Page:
Application Releases - Overview

A guide to how to best release applications, and what that all entails.

Releases vs Builds

Sometimes people think that releases and builds are the same thing. Often misused, here are the actual definitions:
 
Release
Defined as a planned set of changes to an application. Could be planned far in advance, or a single line change rushed to production in an emergency.
 
Build
Defined an attempt at implementing the requirements of a release. It is also a snapshot of the codebase that is tested before being “released” (deployed to production, given to the end user, etc)

Process

  1. Someone decides that certain changes are needed to an application
    • Documented in an issue tracking system, email, etc.
    • These changes constitute a Release
  2. A developer sees the changes needed, and modifies the application source code to implement the requirements.
  3. Once ready, the code is compiled, built, or otherwise assembled into a Build.
  4. This Build is then deployed into a non-production application environment such as "Integration" or "Staging"
  5. The build is tested in that environment
    • Smoke Test
    • In Depth Test
    • Not a "test of faith"
  6. After testing:
    • If the build meets the necessary testing criteria, and is verified as "ready", it is deployed ('released') to production.
    • If the build is inadequate (due to bugs, or the fact it was a prototype build), it is then rejected and the aforementioned build, deploy, and test scripts are run again.

Don't Break the Build

We don’t build applications, but we do run automated testing. If a build fails that, it is not ready to be released, and must be fixed immediately. The automated build should always be in a releasable state. Another branch.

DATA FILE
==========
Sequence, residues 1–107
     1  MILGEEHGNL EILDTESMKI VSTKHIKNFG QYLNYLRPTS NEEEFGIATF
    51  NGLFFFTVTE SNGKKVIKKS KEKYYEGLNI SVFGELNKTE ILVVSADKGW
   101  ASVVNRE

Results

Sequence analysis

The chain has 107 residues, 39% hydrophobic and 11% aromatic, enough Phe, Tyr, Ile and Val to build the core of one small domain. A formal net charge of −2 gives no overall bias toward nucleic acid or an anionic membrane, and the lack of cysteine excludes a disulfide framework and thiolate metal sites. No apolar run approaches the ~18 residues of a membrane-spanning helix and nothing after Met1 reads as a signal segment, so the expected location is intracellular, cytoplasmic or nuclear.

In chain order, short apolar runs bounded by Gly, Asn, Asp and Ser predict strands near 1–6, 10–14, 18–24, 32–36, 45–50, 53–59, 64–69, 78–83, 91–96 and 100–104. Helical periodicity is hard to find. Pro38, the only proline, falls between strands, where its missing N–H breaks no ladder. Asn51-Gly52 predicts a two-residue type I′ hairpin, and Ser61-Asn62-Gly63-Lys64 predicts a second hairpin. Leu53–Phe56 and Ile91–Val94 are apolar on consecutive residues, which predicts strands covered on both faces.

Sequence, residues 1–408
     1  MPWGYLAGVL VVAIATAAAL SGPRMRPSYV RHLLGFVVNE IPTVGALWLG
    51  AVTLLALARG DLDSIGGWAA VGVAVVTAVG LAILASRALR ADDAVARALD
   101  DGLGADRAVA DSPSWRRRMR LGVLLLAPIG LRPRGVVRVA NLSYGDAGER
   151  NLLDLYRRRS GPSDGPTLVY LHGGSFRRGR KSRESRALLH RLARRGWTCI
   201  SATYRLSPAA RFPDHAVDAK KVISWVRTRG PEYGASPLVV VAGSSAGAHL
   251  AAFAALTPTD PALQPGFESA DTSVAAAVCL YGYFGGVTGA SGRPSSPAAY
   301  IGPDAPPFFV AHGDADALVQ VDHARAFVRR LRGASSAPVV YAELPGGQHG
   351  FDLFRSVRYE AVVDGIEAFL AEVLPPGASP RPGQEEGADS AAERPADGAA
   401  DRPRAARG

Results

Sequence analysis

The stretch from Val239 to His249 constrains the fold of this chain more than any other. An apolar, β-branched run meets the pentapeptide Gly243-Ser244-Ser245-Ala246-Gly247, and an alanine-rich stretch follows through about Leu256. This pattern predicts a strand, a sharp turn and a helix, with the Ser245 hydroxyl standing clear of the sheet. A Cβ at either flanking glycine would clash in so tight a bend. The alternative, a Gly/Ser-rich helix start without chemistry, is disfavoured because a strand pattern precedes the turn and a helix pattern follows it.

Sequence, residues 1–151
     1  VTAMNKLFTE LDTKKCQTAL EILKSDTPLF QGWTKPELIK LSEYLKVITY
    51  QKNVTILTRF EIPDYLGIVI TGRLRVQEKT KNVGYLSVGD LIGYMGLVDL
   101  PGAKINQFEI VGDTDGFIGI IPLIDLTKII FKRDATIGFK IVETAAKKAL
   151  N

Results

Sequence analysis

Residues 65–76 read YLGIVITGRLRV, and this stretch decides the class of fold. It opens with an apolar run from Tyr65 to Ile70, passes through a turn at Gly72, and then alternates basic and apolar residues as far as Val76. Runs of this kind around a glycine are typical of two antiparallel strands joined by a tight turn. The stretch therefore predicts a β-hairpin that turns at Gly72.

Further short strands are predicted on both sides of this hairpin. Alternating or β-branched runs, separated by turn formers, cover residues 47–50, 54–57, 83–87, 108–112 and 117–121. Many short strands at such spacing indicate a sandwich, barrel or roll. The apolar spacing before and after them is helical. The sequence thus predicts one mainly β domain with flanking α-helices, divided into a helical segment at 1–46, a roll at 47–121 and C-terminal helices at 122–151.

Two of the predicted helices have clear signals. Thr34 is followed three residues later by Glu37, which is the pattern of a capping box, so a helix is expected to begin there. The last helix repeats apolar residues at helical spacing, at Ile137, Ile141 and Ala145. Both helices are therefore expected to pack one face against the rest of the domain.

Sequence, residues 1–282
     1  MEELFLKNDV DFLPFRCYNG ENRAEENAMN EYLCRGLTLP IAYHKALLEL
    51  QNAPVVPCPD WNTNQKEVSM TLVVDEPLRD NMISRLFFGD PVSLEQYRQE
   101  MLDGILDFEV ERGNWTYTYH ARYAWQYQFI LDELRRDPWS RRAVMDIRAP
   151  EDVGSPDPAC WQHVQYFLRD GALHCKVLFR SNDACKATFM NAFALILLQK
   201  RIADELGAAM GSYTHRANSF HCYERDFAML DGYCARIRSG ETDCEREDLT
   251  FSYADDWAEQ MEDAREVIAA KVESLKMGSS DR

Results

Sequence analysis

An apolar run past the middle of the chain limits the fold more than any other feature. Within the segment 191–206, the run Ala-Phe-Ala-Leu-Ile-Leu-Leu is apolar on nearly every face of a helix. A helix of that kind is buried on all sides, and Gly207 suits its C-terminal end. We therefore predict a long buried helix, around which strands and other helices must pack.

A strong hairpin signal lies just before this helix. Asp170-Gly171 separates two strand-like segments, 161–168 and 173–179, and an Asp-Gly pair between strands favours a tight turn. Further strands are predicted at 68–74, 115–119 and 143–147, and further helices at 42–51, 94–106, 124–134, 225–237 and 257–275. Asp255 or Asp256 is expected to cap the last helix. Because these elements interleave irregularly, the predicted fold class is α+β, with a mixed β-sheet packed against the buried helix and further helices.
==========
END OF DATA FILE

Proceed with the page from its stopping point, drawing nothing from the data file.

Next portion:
Build Immutability and Completeness

The build that is deployed to staging should be exactly what’s deployed to ‘production’ … if necessary to recompile code after the first environment, the process should restart. Do not release builds in parts, as the new code you would deploy has not been tested with the old code you are not yet replacing.

There can only be one

We may create 10-20 builds, but only one will be released. Once a build has been deployed to production, the application has changed and will require a new release to be changed again, even if it’s a simple one-line fix. This “patch” release can follow different testing, but is still a new release.
 
e.g. Build 4 of Release 2.3 is 2.3.4

Release Planning and Changes

Plan on a date for the release to be done, at a specific time. Just make sure its set and you know the depth of what changes are in a specific release.
 
When changes are associated with builds (without going through the process) or when deployed piecemeal, you’re turning the program into a Jenga tower. When a build has been completed, has not been changed, and was tested and deployed, it is a full Jenga tower. Every change is taking a block out, or moving it around, creating instability. Enough instability and your tower (or your application) falls down.
 
Do not release applications on a Thursday or Friday. That is too close to the weekend, and since we are a public institution, we do not work on the weekends. While one of the web people will more than likely fix something broken on a Friday night, Saturday, or Sunday... they will not be happy.

Promotions

To do a proper release, the build gets promoted through several steps (development, staging/testing, and production). Each person who promotes the build through these steps is to make those changes in the bug tracking system so it is trackable. If the build fails at any point, you may not “demote” the build down, it becomes rejected.
 
Releases should follow the Git Flow methodology, tagging the release once the release/version branch is merged into master. We used to use timestamps (20140503) but now are moving towards semantic versioning.
 
Please notify saits-webteam@uwm.edu for all major application releases. In case the release goes bad, it can help to know what applications were recently updated. All releases should be in Git, so if this situation does occur we can roll back to that last working release.
 
Vanity URL Changes, documented with project
 
Notify end user of release, documented.



Keywords:best practices,application,releases,web   Doc ID:45202
Owner:Help Desk K.Group:UW-Milwaukee Help Desk
Created:2014-11-21 14:40 CSTUpdated:2019-01-02 14:38 CST
Sites:UW-Milwaukee Help Desk, UW-Milwaukee Student Affairs IT
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